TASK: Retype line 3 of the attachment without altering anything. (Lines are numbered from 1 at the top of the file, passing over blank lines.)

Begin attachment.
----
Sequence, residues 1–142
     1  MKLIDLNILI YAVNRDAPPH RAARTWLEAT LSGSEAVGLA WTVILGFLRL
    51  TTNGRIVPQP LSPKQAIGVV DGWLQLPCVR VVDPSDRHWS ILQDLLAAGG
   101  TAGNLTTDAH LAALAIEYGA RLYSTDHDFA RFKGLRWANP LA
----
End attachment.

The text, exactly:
    51  TTNGRIVPQP LSPKQAIGVV DGWLQLPCVR VVDPSDRHWS ILQDLLAAGG